A travel waiver typically allows passengers to change their flights with little to no penalty. The waiver offered varies depending on the airline. For information regarding a specific flight, contact your airline.

Here’s the list of travel waivers in effect. This list will be updated as more waivers are announced.

American Airlines

Waiver benefits: No change fee for eligible flights.

Florida

Where the waiver is in effect: Daytona Beach, Fort Lauderdale, Jacksonville, Key West, Melbourne, Miami, Orlando and West Palm Beach.

You are eligible for the waiver if you are traveling on an American Airlines flight purchased before Oct. 4; you’re scheduled to travel Oct. 5-7; you can travel Oct. 5-12; and you don’t change your origin or destination.

Southeast U.S.

Where the waiver is in effect: Augusta and Savannah, Ga.; Charlotte, Fayetteville, Greensboro, Greenville, New Bern, Raleigh/Durham, Richlands and Wilmington, N.C.; Columbia, Charleston, Florence, Hilton Head Island and Myrtle Beach, S.C.

You are eligible for the waiver if you are traveling on an American Airlines flight purchased before Oct. 4; you’re scheduled to travel Oct. 5-9; you can travel Oct. 5-14; and you don’t change your origin or destination.

Caribbean

Where the waiver is in effect: Cienfuegos, Cuba; Holguín, Cuba; Santa Clara, Cuba; Cap-Haïtien, Haiti; Port-au-Prince, Haiti; Kingston, Jamaica; Montego Bay, Jamaica; Providenciales, Turks and Caicos Islands.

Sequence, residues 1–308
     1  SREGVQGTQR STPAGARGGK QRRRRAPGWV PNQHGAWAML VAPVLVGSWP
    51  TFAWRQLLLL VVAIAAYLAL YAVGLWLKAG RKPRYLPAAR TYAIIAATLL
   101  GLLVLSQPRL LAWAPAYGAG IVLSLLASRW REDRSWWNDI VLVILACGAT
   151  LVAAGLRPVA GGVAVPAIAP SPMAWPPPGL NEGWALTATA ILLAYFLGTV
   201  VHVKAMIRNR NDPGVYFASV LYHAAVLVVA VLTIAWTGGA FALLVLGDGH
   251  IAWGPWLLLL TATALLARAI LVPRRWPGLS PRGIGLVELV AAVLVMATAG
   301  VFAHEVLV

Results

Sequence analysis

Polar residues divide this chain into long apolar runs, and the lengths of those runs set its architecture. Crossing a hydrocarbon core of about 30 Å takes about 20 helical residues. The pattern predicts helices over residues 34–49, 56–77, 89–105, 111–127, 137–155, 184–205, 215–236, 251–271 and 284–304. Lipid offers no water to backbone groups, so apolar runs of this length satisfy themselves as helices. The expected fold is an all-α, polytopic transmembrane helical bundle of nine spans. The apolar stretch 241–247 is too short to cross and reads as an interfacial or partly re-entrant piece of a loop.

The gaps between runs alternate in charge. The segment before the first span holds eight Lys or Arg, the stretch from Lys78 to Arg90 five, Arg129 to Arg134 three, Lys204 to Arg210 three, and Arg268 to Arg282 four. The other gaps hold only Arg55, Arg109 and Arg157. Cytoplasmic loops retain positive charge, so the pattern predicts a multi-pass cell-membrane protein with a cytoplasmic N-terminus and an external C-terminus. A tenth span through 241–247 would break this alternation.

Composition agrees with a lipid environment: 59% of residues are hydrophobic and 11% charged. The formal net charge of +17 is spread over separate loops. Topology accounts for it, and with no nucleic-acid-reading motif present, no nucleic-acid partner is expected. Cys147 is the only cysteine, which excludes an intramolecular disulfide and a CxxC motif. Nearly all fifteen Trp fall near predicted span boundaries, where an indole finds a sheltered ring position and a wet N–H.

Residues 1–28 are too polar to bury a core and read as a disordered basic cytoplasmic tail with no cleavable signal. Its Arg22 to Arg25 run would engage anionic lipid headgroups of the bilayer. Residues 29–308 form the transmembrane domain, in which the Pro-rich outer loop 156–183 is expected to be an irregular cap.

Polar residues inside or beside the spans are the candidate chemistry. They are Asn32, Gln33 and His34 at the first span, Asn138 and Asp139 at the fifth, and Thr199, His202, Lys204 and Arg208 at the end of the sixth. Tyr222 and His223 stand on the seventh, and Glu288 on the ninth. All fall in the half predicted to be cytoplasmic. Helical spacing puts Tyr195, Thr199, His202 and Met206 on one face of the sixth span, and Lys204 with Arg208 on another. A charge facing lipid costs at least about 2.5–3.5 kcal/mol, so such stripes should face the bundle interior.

You are eligible for the waiver if you are traveling on an American Airlines flight purchased before Oct. 1; you’re scheduled to travel Oct. 1-6; you can travel Sept. 3o – Oct. 9; and you don’t change your origin or destination.

Bahamas

Where the waiver is in effect: Eleuthera, Exuma, Freeport / Grand Bahama, Marsh Harbour and Nassau.

You are eligible for the waiver if you are traveling on an American Airlines flight purchased before Sept. 30; you’re scheduled to travel Oct. 2-7; you can travel Sept. 30-Oct. 11; and you don’t change your origin or destination.

More information from American Airlines

Delta

Waiver benefits: Receive a refund for the unused portion of your ticket, or make a one-time change to your ticket without a fee on eligible flights.

Florida

Where the waiver is in effect: Daytona, Fort Lauderdale, Jacksonville, Key West, Melbourne, Miami, Orlando and West Palm Beach.

You are eligible for the waiver if you were supposed to fly from Oct. 6-7. Your ticket must be reissued on or before Oct. 12, and your rebooked travel must begin no later than Oct. 12.